Against Beauty II

This blog just recently celebrated its first year anniversary!

In my first post, Against Beauty, I’ve argued that beauty is not likely a good criterion for scientific theories.

It is just telling, that now a year later I came across a quote from one of my heroes – Ludwig Boltzmann:

If you are out to describe the truth, leave elegance to the tailor.

— Ludwig Boltzmann

Incidentally, Lisa Randall talks along similar lines in a recent episode of the On Being podcast:

[…] you can frame things so that they seem more beautiful than they are, or less beautiful than they are. For science to be meaningful, you want to have as few ingredients as possible to make as many predictions as possible with which you can test your ideas. So I think that’s more the sense — I think that’s what people are thinking of. And simplicity, by the way, isn’t always beauty.

While I agree with the beauty part, I’m of different opinion on the ultimate role of simplicity in evaluating scientific theories (understood here as the Kolmogorov-Chaitin complexity of the given model).

As we learn more about the universe we necessarily will have to abandon effective theories that are “human readable”. The world is too complex, to be describable by human-mind-sized models.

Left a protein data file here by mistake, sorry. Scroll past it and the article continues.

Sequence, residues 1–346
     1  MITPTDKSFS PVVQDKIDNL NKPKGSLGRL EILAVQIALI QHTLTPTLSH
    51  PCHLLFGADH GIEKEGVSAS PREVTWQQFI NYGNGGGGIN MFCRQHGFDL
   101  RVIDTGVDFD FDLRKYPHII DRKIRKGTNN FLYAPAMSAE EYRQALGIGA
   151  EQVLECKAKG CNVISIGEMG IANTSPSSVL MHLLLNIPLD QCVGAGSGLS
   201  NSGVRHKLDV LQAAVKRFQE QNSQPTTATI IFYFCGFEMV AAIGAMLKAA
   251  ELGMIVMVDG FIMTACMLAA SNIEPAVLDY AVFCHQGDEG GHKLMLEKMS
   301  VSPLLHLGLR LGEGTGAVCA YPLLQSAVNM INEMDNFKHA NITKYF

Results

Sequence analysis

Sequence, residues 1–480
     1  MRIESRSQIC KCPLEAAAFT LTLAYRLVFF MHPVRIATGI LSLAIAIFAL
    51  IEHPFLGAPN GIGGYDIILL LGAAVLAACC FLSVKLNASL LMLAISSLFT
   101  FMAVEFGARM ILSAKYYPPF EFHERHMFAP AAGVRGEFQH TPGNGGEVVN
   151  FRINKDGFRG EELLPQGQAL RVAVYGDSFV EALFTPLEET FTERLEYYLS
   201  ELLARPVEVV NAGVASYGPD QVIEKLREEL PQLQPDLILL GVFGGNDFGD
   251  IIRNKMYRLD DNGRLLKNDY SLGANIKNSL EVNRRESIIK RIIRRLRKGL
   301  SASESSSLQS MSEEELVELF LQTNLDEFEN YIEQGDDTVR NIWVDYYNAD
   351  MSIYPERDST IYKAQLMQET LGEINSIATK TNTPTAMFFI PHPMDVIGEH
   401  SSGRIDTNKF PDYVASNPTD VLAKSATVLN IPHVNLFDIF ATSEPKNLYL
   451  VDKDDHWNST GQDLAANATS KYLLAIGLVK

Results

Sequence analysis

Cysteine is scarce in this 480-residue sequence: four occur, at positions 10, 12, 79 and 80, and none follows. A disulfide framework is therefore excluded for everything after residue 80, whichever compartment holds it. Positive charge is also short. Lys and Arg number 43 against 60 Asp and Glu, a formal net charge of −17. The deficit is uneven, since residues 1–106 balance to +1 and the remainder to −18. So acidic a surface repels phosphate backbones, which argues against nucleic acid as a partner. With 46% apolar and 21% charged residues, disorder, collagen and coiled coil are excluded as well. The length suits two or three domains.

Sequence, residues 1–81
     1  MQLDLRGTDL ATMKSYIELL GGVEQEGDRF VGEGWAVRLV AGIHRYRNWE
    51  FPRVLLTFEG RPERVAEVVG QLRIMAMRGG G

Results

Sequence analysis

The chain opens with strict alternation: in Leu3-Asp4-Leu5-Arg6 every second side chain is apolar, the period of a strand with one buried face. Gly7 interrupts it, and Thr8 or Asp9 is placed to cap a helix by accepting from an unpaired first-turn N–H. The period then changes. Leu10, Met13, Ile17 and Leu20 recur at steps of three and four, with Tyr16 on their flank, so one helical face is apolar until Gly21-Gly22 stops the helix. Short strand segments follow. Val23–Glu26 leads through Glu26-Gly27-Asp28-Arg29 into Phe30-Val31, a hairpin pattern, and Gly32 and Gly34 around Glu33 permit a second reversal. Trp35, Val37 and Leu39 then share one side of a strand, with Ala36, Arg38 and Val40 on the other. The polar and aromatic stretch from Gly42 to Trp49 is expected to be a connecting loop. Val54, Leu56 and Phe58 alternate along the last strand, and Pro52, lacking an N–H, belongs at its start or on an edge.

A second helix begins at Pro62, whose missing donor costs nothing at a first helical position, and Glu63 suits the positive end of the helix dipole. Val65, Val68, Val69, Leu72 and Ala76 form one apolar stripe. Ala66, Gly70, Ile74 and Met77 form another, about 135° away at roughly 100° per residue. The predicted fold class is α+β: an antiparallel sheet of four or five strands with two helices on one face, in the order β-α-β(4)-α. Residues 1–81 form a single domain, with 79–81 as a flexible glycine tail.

For every complex problem there is an answer that is clear, simple, and wrong.

— H. L. Mencken

Beauty and simplicity are often conflated – I’m also not always clear on which one I mean).

My current thinking is that if we consider beauty of a theory to be the ratio of the model’s explanative (predictive) power to its Kolmogorov length, then this will remain a relevant model selection criterion.

But I think, that ultimately we will have to say goodbye to the notion that the Kolmogorov complexity of models is not allowed to cause a stack overflow in human brains.


Memetic Bottlenecks

From David Markson’s wonderful Reader’s Block:

Throughout the Middle Ages, often no more than a single manuscript of certain classics existed. One leaking monastery roof and the Satyricon could have been lost forever, for instance.

What have we lost in the mists of time?

I haven’t found a rigorous study, but there is a rough estimate of only <4% of antique literature surviving up to now.

With the introduction of printing press and then electronic storage and the internet, the bottlenecks seem to grow wider. Yet digital preservationist expect the large fractions of the “early” web to be lost forever. There is already some work being done on developing tools of digital archaeology – like reconstructing lost web pages based on their link context.

Nonetheless, the whole total of the human noosphere occupies a vanishingly small space-time volume.

A pale blue dot  in the vast concept-space, fragile and fleeting.